There’s a lot about this record that reminds me of Van Morrison, the deep spirituality and the fluid jazz notes being the foremost. Brown has a range of talents and founded a program to introduce music to prisons. He’s a fearless artist. The record opens with ‘Prayer of St Ignatius’, with vocals from Sherry Zbrovsky, with minimal backing just some comforting flecks of jazz – it’s a start that flummoxed me. The record then moves on to more familiar territory, albeit again, pared back spiritual, confessional, full of atmosphere sketched from acoustic guitar and piano, a rumbling undercurrent, intimate and in a small way strident, Brown draws you in.
Then with ‘Keeper of the Flame’ he opens up: this time it goes widescreen a full band with pedal steel like a lonesome wind, the song trades on Country sounds and the lyrical currency is also close to Nashville though there’s a very un-Nashville depth that Brown manages to give the song through raw honesty. The songs are somehow like historical photographs of doughty Crofters, the transcendence that we sometimes feel, ‘Moved By Hands To Shelter’ with the gravelly voice of David Corley and the naturalistic imagery serve to deepen this impression. Probing into the darkness outside the safe circle of firelight is the primal drive behind ‘The Great Unknowing.’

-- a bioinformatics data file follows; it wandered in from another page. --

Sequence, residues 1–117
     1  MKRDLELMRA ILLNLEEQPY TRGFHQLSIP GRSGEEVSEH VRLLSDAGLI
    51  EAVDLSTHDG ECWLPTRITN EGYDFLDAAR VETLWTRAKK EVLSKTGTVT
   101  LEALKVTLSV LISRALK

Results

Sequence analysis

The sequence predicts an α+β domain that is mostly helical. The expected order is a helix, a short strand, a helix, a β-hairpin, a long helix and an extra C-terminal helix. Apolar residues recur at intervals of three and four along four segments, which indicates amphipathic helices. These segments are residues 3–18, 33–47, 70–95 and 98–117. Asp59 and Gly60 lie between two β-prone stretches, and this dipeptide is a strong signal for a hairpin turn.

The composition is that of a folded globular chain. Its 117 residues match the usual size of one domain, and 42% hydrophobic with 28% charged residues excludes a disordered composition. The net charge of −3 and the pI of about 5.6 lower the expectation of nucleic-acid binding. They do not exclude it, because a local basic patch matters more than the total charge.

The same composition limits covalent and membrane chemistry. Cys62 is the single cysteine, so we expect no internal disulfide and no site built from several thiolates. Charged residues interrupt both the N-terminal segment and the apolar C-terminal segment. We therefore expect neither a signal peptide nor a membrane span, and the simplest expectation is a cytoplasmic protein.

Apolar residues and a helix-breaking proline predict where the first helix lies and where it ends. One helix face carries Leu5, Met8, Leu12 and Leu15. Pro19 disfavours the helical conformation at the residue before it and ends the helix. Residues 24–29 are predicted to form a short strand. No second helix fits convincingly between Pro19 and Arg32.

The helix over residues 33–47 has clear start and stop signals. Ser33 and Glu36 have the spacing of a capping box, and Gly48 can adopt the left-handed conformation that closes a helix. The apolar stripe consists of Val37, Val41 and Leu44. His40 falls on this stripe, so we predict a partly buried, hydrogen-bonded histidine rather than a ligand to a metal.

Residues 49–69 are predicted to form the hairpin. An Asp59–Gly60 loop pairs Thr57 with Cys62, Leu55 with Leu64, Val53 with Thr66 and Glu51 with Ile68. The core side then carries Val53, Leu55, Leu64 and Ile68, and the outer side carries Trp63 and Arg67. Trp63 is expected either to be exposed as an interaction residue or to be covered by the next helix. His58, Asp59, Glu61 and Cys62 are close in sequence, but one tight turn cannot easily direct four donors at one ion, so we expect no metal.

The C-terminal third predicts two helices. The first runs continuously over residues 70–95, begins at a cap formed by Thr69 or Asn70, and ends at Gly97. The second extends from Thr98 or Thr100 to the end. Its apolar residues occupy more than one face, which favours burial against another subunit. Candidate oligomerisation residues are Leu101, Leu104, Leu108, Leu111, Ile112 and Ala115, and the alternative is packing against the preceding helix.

‘Margaret’ is the closest we get to Van Morrison, and it’s not sounding like it’s more coming from the same place. The Wave with vocals from Kate Fenner, plays around with form – it’s a long way from easy listening. Again the backing, piano chords with splashes of percussion is more influenced by jazz than by country music – it doesn’t follow standard patterns, but sounds brave. I started by mentally dismissing this record as the strange religious ramblings of an overblown ego and the record proved me wrong. It’s different – it doesn’t conform to what we expect and in the end won me over.